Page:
FFRF spells closure to Christian prayers, songs in Birmingham class

A Freedom From Religion Foundation intervention formalized an end to a teacher’s imposition of religion on her elementary school students in Birmingham, Ala.

A concerned parent had informed FFRF that a first-grade teacher at Norwood Elementary School was leading her students in prayer every day before lunch. The teacher was reportedly making her young students imbibe bible verses and Christian songs, including a song about “the blood of Jesus.”

Public school teachers may not promote religion by leading students in prayer, encouraging students to pray, participating in student-initiated prayer, or otherwise endorsing religion to students, FFRF reminded Birmingham City Schools. The Supreme Court has continually struck down teacher- or school-led prayer and indoctrination in public schools.

“The district has an obligation under the law to make certain that ‘subsidized teachers do not inculcate religion,’” FFRF Legal Fellow Chris Line, quoting the U.S. Supreme Court, wrote to Superintendent Lisa Herring. “The Supreme Court has recognized that ‘families entrust public schools with the education of their children, but condition their trust on the understanding that the classroom will not purposely be used to advance religious views that may conflict with the private beliefs of the student and his or her family.’”

The district was being highly exclusionary in allowing sectarian religious practices in the classroom. By including Christian prayer in the classroom and at meetings, the district was alienating the 38 percent of younger Americans who are not religious.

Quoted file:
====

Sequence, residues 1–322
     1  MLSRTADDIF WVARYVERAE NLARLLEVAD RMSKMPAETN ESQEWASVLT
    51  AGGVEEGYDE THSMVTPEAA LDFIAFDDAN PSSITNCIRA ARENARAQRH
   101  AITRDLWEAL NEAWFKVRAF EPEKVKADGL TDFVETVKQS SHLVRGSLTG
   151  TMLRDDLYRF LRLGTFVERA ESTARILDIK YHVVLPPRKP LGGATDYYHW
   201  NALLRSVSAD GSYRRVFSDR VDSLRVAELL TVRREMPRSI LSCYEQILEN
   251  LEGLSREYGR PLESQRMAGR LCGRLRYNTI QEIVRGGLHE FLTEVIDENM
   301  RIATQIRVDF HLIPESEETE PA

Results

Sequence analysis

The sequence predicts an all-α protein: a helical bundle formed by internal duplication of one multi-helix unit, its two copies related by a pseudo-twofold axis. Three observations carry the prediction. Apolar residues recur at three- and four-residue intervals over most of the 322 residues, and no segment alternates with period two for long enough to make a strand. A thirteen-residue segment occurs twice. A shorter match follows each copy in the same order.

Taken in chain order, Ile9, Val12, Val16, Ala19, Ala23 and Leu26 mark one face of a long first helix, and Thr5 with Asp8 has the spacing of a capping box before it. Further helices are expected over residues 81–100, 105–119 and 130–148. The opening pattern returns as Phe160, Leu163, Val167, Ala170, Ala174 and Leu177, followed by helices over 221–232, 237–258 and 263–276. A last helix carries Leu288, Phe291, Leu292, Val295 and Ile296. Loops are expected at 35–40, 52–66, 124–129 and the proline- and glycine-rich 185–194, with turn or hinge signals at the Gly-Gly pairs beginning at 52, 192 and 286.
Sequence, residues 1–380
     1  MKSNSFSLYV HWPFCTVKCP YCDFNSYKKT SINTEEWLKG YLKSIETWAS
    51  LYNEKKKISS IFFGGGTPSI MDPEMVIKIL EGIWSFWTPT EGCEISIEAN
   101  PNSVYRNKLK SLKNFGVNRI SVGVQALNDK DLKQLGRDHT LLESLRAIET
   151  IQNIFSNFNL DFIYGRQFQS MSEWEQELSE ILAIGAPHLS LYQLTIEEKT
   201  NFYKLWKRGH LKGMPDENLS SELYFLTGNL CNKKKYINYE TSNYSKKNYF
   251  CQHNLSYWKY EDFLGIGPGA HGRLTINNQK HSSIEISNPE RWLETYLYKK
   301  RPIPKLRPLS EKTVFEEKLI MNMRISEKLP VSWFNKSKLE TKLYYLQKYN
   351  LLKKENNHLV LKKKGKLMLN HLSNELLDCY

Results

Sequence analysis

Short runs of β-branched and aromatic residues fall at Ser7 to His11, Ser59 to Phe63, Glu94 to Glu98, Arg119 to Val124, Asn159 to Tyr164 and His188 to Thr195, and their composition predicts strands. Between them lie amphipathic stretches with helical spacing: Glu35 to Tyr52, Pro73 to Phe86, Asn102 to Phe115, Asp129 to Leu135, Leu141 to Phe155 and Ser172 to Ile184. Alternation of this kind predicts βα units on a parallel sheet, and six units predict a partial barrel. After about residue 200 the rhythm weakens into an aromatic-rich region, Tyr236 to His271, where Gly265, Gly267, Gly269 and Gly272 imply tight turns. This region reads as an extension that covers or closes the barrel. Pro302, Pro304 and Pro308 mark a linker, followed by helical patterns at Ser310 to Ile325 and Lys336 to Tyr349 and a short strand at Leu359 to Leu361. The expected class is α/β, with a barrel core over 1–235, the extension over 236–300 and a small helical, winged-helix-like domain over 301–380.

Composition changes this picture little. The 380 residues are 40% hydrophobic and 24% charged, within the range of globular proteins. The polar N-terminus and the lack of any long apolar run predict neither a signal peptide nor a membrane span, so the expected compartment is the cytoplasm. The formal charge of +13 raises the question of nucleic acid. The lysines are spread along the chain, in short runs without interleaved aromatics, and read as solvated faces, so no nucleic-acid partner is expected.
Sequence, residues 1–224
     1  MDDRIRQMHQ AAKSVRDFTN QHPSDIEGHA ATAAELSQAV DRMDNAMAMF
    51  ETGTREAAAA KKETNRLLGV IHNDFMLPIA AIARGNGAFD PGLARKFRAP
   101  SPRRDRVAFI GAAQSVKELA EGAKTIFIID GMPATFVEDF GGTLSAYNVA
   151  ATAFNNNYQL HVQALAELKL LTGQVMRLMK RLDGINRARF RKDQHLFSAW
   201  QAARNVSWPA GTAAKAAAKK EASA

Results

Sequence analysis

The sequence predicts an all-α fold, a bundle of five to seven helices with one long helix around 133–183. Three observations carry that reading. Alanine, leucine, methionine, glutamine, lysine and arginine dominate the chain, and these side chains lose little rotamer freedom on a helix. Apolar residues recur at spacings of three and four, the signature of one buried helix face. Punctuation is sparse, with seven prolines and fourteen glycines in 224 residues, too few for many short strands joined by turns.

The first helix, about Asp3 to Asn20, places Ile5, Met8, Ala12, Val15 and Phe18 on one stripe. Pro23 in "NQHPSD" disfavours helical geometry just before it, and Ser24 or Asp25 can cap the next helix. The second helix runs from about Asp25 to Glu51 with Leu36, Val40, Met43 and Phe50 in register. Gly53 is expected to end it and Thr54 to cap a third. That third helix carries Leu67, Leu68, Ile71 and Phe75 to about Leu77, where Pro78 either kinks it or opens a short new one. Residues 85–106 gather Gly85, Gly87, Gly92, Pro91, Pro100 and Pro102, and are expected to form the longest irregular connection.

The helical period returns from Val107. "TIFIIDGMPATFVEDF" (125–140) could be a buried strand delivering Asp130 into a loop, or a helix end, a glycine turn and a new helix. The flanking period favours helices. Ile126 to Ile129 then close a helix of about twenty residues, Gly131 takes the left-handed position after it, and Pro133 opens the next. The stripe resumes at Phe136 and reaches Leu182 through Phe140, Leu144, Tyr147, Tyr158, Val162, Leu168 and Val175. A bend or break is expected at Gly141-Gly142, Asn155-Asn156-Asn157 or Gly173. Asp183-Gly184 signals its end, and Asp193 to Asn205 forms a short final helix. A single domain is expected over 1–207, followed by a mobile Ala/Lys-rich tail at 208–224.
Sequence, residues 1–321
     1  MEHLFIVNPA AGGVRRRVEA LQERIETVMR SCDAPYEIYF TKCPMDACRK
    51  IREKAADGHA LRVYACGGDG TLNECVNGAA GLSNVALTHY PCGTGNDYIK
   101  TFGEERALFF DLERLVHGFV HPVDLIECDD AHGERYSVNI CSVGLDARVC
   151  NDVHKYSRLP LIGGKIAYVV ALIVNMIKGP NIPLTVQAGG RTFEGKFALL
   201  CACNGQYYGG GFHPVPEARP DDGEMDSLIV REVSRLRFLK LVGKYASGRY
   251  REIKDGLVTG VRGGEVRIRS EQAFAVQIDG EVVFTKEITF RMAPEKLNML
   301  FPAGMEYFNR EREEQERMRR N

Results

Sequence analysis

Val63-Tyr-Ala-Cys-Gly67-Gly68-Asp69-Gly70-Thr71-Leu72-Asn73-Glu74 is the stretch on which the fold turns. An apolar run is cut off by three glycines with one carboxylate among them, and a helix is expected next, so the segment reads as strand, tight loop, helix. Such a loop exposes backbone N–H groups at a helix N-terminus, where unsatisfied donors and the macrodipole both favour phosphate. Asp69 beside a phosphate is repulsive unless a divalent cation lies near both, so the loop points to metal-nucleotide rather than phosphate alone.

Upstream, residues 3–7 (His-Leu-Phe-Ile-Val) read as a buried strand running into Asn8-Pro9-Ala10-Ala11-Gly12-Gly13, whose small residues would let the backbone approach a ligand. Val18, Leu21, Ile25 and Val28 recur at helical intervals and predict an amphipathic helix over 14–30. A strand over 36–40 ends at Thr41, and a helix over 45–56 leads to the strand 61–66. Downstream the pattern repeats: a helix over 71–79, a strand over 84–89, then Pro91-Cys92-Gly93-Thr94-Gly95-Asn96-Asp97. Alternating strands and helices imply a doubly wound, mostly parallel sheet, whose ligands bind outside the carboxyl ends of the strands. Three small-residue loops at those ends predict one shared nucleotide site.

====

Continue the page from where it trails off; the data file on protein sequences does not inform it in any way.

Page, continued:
Birmingham City Schools proved amenable to FFRF’s constitutional tutorial. The state/church watchdog recently received communication from the district’s attorney that due to the organization’s intervention, the Birmingham school district has instituted a formal policy on the matter. (The teacher had been verbally warned after an initial parent complaint.)

“Upon receipt of your most recent letter, a written advisement was issued to both the teacher and principal of Norwood Elementary School,” the letter states. “It is our understanding that no further complaints have been received.”

FFRF is pleased that it helped establish a policy that will protect students who don’t subscribe to the majority faith.

“There is nearly 60 years of Supreme Court precedence clearly barring official prayer and indoctrination in our public schools,” says Annie Laurie Gaylor. “Proselytizing a captive audience of 6 and 7 year olds is an egregious violation, and we’re glad that the district put the kibosh on such an undesirable practice after we objected.”

The Freedom From Religion Foundation is a national nonprofit organization with more than 31,000 members across the country, including in Alabama. Its purposes are to protect the constitutional principle of separation between state and church, and to educate the public on matters relating to nontheism.

Freedom From Religion Foundation

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